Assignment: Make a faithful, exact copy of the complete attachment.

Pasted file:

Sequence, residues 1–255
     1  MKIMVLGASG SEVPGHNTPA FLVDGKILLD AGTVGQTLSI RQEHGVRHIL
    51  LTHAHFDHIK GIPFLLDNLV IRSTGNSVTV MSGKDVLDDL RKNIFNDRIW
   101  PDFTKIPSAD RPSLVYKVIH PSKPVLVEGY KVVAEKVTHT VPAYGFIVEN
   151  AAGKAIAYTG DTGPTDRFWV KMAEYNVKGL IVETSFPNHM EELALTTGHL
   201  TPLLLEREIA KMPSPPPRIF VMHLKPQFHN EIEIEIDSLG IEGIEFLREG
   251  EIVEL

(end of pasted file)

Sequence, residues 1–255
     1  MKIMVLGASG SEVPGHNTPA FLVDGKILLD AGTVGQTLSI RQEHGVRHIL
    51  LTHAHFDHIK GIPFLLDNLV IRSTGNSVTV MSGKDVLDDL RKNIFNDRIW
   101  PDFTKIPSAD RPSLVYKVIH PSKPVLVEGY KVVAEKVTHT VPAYGFIVEN
   151  AAGKAIAYTG DTGPTDRFWV KMAEYNVKGL IVETSFPNHM EELALTTGHL
   201  TPLLLEREIA KMPSPPPRIF VMHLKPQFHN EIEIEIDSLG IEGIEFLREG
   251  EIVEL